The king agreed with this council and stripped Giltiberim of his sword and armor, then commanded him to leave at once and return to the squalor of the mining camps, outside the protection of the high walls surrounding the hall. Giltiberim knew his only chance left for eternal renown lay in uncovering gold in the earth’s stoney breast. He took up his axe and lantern and reopened the wound in his father’s mine, gouging and tunneling for six days and nights, disdaining sleep, eating only dust, and finding nothing but dirt and rocks.

On the seventh day, Giltiberim smashed through a rock wall and found himself in a glistening chamber, filled from floor to roof with raw gold, more gold than had ever been seen by any man.

Rushing to the king, Giltiberim asked him to gather all his able bodied men and follow him to the mines where he would show him a sight that would please him greatly. He led the king through the mine, but before he could reveal the chamber of gold, one of the king’s men interrupted, exclaiming that the Northern tribes were descending the mountains for battle. The king cursed Giltiberim for distracting him from the affairs of his kingdom, then hurried away.

Giltiberim sat down in the entrance to the gold hoard with a heavy heart, but still hoped that the king would soon return and all the praise and glory he deserved would be his. Then he smelled hot, acrid fumes and heard a loud, wheezing voice, like the breath of the blacksmith’s bellows. He turned with lantern raised and saw the obsidian, plated back of the ancient treasure worm, rolling and scratching in a great circle around the chamber.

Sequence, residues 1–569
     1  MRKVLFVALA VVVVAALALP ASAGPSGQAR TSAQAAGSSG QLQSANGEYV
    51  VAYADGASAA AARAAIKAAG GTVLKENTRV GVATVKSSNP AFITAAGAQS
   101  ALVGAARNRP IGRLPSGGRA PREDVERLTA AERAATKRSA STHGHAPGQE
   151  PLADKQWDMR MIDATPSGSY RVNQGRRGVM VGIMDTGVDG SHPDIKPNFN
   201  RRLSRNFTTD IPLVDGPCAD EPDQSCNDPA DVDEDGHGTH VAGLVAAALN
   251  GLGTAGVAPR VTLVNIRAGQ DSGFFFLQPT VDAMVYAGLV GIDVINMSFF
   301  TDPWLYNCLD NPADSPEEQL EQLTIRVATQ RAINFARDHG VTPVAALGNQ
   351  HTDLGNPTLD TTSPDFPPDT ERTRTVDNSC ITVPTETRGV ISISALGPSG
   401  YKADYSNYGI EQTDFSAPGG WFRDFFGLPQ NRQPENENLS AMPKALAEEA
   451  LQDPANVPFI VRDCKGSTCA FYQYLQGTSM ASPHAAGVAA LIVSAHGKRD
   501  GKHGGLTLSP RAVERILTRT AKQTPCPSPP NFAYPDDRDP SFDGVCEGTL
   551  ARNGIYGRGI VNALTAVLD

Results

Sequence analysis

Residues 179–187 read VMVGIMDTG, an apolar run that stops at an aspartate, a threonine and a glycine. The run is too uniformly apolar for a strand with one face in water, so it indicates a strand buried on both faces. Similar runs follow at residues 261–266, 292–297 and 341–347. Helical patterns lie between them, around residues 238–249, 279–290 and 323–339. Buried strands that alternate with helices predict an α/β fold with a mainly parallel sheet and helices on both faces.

“Who disturbs my earthly apartments? I can smell you, little human,” the rock crawler hissed, spilling molten flames from his crescent jaws. “Your race ravishes my land and tears out the sun’s flowers from the depths. All your kind is hateful to me, and they will all die for your trespass.”

The tunnel-lurker advanced with dizzying speed, gliding on its one thousand or more legs, chomping the air, spitting liquid fire from his mouth and melting rock and gold as he went. Now was Giltiberim’s moment; now was the time to prove his bravery and strength in a final battle for glory.

Exhausted and foggy-minded, Giltiberim roused his remaining strength, and running ahead of the furious worm, began chipping away at the chamber walls. Soon the room began to tremble, the gold watcher’s frantic pursuit helping quicken Giltiberim’s work. The stones began to topple, and the gilded hall finally collapsed completely on itself, crushing the cave worm and Giltiberim together, sealing them and the treasure forever in the rocky depths of earth.

Outside of the mines, the king and his men intercepted the invaders, a small, angry band of Northern warriors, who were soundly defeated and driven off, after which, all but Giltiberim’s father forgot him. The king and his people never knew of the marvelous wealth of the boulder biter, or how close the people came to destruction, or indeed, how brave and courageous the man was who saved them all.